• Do states have a right to enact a coronavirus quarantine of out-of-state visitors? A lawsuit has been filed challenging this issue in Hawaii — a lawsuit, we should add, which has backing from the US Department of Justice.
  • At issue, according to the lawsuit, is whether it’s discriminatory to force visitors to self-quarantine when you’re not requiring the same of state residents.
  • Visitors to Hawaii are currently required to self-quarantine for 14 days or face a penalty of up to 1 year in jail and a $5,000 fine.

The so-called “equal protection clause” of the 14th Amendment to the US Constitution underpins a wide array of landmark legal cases due to its declaration that US states cannot “deny to any person within its jurisdiction the equal protection of the laws.”

Consider that language, now, within the context of the current coronavirus pandemic. Specifically, on the coronavirus quarantines that we’re seeing in places around the country, whereby states are sequestering US citizens newly arrived from other states (often for a period of 14 days). If states aren’t mandating blanket 14-day quarantines of their own residents currently, do they have a legal right to require that every US resident entering from out-of-state abide by a 14-day quarantine? Maybe not, according to a lawsuit against Hawaii’s quarantine rules for out-of-state visitors — a lawsuit, we should add, that is being backed by the US Department of Justice.

A group of Nevada and California residents filed the suit challenging Hawaii’s rules, which require anyone entering the state to self-quarantine for 14 days — that period being the length of time in which it should become clear whether or not a person has been infected by the coronavirus.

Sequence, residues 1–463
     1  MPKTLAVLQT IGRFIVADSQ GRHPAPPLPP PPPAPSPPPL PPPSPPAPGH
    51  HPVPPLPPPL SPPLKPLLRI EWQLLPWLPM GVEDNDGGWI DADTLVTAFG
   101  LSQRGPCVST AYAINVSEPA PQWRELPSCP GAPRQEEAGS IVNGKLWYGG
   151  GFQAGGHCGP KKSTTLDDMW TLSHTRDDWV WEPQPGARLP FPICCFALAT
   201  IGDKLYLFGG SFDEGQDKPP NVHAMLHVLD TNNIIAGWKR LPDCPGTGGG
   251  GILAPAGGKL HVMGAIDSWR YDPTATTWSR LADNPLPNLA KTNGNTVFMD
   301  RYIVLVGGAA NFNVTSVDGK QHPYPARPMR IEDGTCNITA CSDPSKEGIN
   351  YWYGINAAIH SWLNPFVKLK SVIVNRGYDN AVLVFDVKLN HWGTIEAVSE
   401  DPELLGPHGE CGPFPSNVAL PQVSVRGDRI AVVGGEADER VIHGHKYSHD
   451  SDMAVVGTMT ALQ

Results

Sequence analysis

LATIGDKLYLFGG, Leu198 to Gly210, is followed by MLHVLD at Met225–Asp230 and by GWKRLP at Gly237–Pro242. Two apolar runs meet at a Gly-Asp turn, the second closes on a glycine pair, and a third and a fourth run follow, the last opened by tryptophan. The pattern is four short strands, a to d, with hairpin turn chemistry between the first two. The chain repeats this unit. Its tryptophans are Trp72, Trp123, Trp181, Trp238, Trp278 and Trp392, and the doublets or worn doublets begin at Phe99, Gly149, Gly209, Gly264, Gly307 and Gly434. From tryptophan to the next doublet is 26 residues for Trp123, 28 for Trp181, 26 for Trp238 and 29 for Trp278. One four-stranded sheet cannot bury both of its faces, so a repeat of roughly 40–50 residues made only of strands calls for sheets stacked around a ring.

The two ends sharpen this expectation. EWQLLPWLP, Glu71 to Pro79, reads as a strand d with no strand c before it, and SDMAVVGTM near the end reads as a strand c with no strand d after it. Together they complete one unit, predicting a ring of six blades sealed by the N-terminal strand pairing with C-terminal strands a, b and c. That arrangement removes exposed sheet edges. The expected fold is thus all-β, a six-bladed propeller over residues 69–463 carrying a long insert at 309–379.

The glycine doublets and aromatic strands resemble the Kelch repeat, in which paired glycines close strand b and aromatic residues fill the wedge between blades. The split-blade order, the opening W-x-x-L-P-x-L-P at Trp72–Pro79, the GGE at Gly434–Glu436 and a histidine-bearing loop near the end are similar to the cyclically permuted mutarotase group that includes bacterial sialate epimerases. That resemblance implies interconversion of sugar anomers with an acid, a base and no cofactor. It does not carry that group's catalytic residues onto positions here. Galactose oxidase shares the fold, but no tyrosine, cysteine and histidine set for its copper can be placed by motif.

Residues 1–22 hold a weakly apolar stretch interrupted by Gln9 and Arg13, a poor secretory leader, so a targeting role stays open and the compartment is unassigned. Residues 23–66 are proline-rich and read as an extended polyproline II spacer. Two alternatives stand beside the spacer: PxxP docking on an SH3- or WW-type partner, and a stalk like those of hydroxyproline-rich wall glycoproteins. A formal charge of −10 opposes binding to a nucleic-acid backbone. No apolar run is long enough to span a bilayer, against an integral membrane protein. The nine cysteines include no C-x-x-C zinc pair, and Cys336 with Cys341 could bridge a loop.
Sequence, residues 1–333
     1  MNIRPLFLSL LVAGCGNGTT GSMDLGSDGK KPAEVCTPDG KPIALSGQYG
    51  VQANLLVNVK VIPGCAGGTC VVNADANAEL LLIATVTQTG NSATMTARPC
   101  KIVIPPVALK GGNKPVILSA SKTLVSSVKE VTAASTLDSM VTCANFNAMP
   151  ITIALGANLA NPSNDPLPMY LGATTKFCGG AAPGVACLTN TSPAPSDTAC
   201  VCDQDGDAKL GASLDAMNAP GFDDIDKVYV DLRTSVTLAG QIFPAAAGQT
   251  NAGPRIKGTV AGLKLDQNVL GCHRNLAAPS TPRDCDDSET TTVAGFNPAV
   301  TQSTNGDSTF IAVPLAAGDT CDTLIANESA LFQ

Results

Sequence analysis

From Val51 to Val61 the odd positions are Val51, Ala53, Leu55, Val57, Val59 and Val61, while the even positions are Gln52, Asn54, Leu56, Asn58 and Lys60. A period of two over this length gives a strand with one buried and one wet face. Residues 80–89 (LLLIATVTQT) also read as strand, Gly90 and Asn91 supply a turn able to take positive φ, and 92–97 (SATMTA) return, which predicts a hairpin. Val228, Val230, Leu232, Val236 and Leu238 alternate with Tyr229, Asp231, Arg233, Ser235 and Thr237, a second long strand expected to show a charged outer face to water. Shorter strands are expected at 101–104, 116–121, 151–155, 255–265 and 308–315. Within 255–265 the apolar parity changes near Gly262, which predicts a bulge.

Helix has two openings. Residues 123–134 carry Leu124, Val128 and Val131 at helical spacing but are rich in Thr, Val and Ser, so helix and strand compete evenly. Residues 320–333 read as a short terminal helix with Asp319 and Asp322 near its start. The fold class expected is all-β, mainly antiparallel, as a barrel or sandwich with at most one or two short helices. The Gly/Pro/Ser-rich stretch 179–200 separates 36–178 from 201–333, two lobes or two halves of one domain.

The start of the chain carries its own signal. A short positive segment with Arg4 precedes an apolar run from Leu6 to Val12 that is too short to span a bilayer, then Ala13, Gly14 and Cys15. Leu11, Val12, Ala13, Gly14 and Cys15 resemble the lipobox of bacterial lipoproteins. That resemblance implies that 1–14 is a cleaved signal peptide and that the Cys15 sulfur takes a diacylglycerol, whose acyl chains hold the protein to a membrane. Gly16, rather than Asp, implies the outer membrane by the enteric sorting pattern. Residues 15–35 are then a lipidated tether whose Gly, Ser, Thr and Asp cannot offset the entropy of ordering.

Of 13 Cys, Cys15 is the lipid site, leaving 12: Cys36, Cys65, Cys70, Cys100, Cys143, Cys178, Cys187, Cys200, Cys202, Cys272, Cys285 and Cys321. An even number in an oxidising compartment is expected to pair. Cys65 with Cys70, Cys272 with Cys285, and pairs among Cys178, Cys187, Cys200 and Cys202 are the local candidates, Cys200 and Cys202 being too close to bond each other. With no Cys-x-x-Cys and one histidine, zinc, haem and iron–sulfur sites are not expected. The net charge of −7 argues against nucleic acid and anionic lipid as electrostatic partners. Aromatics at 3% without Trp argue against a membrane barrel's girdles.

The suit argues that these rules discriminate against visitors from out-of-state, and the Department of Justice filed a statement Tuesday in support of that challenge. It reads, in part:

“The Constitution does not permit the effective discrimination challenged in this case. Although Hawaii may adopt reasonable measures to protect its residents from the COVID-19 pandemic, it cannot impose measures that ‘in practical operation’ discriminate against out-of-state visitors, unless the measures are substantially related to ensuring public safety.”

As part of Hawaii’s rules governing out-of-state visitors, they have to quarantine themselves at a “designated quarantine location.” Moreover, they have to stay there and finish the quarantine before renting a vehicle, taking an Uber ride, or engage in other activities — and violators can face up to 1 year in jail and a $5,000 fine.

In “considering whether the effective discrimination here is sufficiently tailored, the court should not ignore the context of the COVID-19 pandemic,” the Justice Department writes about Hawaii’s rules. “The Constitution does not hobble states from taking necessary, temporary measures — including quarantines — to meet a genuine emergency. But even during a pandemic, state actions undertaken in service of the public health cannot be divorced from that end and cannot clearly infringe constitutional rights.”

Andy is a reporter in Memphis who also contributes to outlets like Fast Company and The Guardian. When he’s not writing about technology, he can be found hunched protectively over his burgeoning collection of vinyl, as well as nursing his Whovianism and bingeing on a variety of TV shows you probably don’t like.